The youth have been urged to utilize their skills to accelerate transformation of the agricultural sector which forms the main pillar of Kenya’s economy.
They have further been challenged to contribute in providing solutions that enhance market linkages to promote agribusiness.
Patrick Maina, a digital literacy expert said that digital marketplaces and e-commerce platforms have a great untapped potential to create millions of jobs for unemployed population.
He was speaking in an interview as the globe marked World Youth Skills Day on July 15.
“Most youth are tech savvy. It is a call to them to use their knowledge in addressing the challenges in the agriculture sector to optimize production and revolutionize the global food chains,” he said.
An estimated one million Kenyan youth join the job market annually but with limited white collar jobs, smart agriculture is the next go-to opportunity.
With the skyrocketing food prices, Maina challenged the youth to venture into the sector and aid in incorporation of modern and sustainable practices aimed at reducing production costs.
“Youth have are rich in knowledge that can help in increasing productivity and mitigate climate change. This will cut down on the rising food prices in the country,” he said.
Maina urged the youth to grab training opportunities such us the European Union-funded Markup Kenya programme being implemented by United National Industrial Development Organization in partnership with the government and private sector..
“We need more interventions to promote uptake of digital technology in agriculture. This will shift the mindset of the new generation of farmers to commercialize the sector,” said Maina.
He added that digitalization of the sector requires collaboration from state and non-state actors noting that a majority of the youth shy from the ventures due to lack of sufficient capital.
The sentiments have been echoed by Mwangi Kamau who leads a group of 20 youth from Pwani Village in Njoro in a circular economy at their Bee My Partner farm.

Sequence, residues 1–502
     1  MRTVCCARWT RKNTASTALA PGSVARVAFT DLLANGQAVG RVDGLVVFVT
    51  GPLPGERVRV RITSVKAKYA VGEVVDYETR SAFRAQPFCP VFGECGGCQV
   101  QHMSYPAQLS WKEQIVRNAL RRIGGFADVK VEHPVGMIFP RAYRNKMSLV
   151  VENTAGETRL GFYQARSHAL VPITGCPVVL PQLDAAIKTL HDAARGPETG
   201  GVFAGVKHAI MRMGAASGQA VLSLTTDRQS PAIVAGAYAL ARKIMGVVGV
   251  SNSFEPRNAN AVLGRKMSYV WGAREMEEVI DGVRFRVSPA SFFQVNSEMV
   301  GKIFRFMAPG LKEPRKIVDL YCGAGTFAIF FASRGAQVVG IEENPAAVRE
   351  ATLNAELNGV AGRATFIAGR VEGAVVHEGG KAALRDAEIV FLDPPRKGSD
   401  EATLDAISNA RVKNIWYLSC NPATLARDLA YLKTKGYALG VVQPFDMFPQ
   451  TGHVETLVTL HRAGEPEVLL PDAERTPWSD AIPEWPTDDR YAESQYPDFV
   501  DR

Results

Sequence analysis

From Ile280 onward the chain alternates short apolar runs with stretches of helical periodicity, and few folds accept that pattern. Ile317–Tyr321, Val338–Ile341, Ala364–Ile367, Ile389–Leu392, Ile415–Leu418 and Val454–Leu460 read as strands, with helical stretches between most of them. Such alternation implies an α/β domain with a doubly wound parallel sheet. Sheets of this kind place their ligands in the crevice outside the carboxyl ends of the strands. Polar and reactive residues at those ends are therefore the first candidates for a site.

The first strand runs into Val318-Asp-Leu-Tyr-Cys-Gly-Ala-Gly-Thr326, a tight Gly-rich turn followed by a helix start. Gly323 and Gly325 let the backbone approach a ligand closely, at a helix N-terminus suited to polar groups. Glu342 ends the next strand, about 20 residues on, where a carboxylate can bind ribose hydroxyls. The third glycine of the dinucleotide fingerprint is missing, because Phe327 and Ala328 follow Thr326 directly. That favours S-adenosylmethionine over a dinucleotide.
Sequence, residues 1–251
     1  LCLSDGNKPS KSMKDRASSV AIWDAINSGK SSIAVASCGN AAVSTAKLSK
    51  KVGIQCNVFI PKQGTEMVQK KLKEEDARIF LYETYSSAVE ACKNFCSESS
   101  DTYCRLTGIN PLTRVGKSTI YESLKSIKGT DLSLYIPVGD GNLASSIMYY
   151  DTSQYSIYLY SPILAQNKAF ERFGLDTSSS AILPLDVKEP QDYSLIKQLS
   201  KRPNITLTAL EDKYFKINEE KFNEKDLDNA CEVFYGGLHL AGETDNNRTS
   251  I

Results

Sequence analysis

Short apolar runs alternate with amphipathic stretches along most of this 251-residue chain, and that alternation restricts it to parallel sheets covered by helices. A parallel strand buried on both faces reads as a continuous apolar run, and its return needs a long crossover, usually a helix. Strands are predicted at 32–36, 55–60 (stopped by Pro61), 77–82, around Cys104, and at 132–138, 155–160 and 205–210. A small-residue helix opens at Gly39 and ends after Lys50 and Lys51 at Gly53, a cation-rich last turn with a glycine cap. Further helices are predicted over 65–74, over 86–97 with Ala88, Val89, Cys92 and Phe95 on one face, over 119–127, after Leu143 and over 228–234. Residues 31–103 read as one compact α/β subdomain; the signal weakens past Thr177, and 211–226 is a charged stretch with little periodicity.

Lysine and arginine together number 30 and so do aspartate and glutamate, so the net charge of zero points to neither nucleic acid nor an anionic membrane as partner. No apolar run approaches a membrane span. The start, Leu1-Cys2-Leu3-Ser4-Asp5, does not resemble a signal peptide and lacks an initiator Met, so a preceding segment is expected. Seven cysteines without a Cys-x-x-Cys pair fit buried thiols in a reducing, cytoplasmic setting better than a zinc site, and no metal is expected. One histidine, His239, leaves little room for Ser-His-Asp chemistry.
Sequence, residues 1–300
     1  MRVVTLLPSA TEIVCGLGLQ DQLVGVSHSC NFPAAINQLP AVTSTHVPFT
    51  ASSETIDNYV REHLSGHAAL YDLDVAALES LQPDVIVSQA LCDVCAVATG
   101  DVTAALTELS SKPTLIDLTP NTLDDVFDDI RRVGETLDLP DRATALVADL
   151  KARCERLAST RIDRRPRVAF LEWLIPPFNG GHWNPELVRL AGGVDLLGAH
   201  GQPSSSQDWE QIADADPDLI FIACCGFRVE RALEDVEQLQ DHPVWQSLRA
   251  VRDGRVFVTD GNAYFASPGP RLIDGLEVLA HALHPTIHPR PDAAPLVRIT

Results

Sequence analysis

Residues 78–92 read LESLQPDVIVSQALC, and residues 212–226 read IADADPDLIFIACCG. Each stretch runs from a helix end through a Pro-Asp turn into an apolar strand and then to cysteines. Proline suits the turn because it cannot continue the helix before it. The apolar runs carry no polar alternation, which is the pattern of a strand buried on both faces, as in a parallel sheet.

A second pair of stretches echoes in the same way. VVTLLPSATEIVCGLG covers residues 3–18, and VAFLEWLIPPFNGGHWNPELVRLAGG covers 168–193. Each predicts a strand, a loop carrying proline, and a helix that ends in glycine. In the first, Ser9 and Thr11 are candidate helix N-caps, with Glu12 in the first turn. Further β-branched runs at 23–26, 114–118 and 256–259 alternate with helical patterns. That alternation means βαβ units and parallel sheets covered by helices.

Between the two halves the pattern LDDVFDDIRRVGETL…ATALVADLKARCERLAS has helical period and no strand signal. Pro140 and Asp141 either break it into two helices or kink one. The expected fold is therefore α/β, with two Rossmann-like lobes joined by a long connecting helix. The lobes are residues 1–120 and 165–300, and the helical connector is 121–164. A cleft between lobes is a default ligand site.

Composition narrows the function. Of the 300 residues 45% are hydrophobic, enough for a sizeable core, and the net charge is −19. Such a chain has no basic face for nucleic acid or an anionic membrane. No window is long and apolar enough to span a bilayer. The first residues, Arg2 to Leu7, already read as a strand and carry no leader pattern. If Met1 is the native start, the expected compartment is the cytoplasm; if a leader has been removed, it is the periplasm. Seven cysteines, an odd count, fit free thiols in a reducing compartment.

“The youth have the energy and skills to transform agriculture but lack sufficient capital. They also need further training and a change in attitude towards agriculture,” said Mwangi.
The Economics and Statistics graduate from University of Nairobi said that he quit his job with a view of leading his peers in the village to utilize their energy and idle lands to maximize earnings.
“Most farmers have a conservative approach to agriculture. Those in commercial production do not incorporate the right strategies to make it more economically viable,” said Mwangi.
The circular economy project involves use of skills and innovations that minimize production costs and environmental degradation while maximizing production in interlinked food chains.
“Waste from our chicken is fed to worms which are in turn used to supplement their feeds. This reduces the amount of chicken feed required,” said Mwangi.
Water from fish ponds is also mixed with chicken waste and used in ponds dedicated to production of algae.
“The water is rich in nutrients and facilitates quick growth of algae. Algae provides landing spots for the bees while drinking water and is also an alternative source of protein for chicken,” he said.
While the group keeps bees for honey production, the busy insects facilitate quick pollination in fruits and herbs.
“We combine all waste from the value chains to produce organic fertilizer which does not upset the environment. With a circular economy, farmers can greatly improve their earnings,” he said.
He added that the model farm has continued to attract more youth eager to learn and replicate similar projects on their farms.
“We are in the process of expanding our venture as it has proven sustainable and economically viable,” he said.